New advances inextending the shelf-life of fresh-cutfruits: a review
Robert C. Soliva-Fortuny andOlga Martı ´n-Belloso*
Department of Food Technology, UTPV-CeRTA,University of Lleida, Av. Alcalde Rovira Roure 191,25198 Lleida, Spain (tel.: +34-973-702593; fax: +34-973-702596; e-mail: firstname.lastname@example.org)
Minimally processed products are one of the major growingsegments in food retail establishments. However, fresh-cutfruits are still under study because of the diﬃculties in pre-serving their fresh-like quality during prolonged periods.This paper intends to review the most signiﬁcant contribu-tions regarding preservation of fresh-cut fruits without asigniﬁcant modiﬁcation of its sensorial properties and pro-vides an overview about the last published advances. Itcovers aspects concerning conditions suggested by authorsin each one of the processing steps such as washing, sani-tation, cutting, dipping treatments and/or preservationunder modiﬁed atmospheres, as well as those works study-ing the inﬂuence of these operations on the shelf life andquality extension of fresh-cut fruit products without mod-iﬁcation of their sensorial properties.
Impact of processing operations on fresh-cut fruittissues
Washing and sanitizing operations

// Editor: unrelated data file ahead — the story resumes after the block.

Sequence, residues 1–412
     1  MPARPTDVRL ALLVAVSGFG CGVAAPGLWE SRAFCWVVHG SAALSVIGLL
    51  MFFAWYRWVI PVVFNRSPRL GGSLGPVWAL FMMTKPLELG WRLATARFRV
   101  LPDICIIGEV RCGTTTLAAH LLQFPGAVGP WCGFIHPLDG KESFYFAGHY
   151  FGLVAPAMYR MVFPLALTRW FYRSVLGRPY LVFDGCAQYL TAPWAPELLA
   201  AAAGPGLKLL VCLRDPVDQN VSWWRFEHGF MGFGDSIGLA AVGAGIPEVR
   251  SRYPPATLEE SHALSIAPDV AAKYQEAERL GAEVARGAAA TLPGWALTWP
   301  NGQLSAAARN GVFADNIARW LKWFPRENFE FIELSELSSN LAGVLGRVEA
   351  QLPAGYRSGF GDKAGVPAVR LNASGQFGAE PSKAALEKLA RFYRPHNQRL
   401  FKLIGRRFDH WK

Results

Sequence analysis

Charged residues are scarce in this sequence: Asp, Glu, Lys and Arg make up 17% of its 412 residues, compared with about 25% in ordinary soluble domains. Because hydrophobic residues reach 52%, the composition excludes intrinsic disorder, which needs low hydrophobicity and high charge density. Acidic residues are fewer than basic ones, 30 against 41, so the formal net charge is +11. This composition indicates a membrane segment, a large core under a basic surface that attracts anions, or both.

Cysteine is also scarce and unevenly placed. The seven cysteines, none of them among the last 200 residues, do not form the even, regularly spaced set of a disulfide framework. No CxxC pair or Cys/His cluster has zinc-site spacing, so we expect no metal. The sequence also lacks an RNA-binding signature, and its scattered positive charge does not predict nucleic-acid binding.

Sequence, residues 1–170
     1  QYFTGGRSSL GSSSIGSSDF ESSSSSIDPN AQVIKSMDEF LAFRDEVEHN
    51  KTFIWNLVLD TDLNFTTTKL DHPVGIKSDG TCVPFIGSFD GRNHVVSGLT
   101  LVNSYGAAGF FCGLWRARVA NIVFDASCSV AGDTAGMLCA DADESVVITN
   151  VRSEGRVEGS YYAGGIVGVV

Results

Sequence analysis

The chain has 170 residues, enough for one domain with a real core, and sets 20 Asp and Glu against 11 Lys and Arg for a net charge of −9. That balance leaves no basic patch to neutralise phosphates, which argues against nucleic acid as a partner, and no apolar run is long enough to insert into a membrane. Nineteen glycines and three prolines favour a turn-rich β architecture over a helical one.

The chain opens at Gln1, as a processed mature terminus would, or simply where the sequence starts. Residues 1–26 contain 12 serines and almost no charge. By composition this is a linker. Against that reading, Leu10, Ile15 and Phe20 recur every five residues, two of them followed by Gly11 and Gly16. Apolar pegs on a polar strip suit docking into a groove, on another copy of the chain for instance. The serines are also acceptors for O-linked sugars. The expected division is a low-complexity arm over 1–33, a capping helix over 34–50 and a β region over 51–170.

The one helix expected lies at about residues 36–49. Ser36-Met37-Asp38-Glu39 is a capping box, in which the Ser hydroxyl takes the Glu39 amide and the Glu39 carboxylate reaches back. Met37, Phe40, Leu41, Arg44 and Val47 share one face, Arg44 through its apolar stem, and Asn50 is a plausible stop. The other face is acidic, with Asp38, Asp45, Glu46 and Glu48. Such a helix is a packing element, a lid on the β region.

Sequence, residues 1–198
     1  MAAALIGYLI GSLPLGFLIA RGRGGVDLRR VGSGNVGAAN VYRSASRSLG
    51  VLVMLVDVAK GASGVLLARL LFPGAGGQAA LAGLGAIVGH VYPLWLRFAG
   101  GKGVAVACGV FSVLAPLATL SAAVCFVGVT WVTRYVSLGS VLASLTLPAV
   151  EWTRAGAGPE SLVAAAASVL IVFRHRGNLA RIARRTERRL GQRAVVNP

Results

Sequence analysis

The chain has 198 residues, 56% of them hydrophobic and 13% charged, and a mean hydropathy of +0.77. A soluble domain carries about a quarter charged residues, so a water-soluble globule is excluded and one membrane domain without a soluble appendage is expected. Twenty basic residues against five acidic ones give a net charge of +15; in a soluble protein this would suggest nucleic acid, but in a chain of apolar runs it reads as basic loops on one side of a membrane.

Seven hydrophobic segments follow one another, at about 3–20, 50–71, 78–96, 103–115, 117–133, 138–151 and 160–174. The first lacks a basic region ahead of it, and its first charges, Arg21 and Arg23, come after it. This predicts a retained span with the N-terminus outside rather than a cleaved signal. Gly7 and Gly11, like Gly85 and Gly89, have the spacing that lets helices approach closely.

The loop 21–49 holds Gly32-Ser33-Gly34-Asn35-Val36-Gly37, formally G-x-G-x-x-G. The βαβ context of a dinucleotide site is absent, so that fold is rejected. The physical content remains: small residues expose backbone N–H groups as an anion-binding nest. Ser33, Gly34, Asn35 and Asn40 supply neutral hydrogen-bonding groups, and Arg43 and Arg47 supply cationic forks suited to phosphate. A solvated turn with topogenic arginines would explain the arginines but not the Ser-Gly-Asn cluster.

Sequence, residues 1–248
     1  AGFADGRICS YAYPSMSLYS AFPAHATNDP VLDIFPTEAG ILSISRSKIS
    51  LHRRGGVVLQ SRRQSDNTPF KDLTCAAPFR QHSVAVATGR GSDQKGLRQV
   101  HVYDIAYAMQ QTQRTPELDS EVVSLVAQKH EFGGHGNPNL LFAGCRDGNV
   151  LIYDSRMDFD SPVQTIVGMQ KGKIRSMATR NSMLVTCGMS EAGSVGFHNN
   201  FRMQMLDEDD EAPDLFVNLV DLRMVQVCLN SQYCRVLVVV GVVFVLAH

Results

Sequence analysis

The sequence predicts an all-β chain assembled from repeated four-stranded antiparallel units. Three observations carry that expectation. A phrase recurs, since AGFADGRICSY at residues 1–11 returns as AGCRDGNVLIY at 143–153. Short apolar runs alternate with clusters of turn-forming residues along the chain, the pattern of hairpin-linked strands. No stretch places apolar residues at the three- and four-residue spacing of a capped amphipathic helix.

Sanitation of whole fruits is conducted generally withan initial rinse in tap water to eliminate pesticide resi-dues, plant debris and other possible contamination,followed by a dip in chlorinated water to reduce eﬀec-tively the microbial loads on the fruit surface. Chlorineis normally used for the disinfection of the fruit surfaceby adding sodium hypoclorite (NaOCl) to the washwater. Dips in water from 50 to 200 ppm of added freechlorine are commonly used in literature for pomefruits, either before processing or during pre- and post-cutting operations (Bett
Surface treatments are necessary to delay physiologi-cal decay in fruit tissues, thus stabilising the fruit surfaceand preventing degradative processes that curb thequality of the product. Firstly, dipping treatments arebeneﬁcial because the enzymes and substrates releasedfrom injured cells during cutting operations are rinsedfrom the product surface.Dipping times range from 1 to 5 min in most pub-lished works.Luna-Guzman, Cantwell, and Barrett(1999), who studied the inﬂuence of CaCl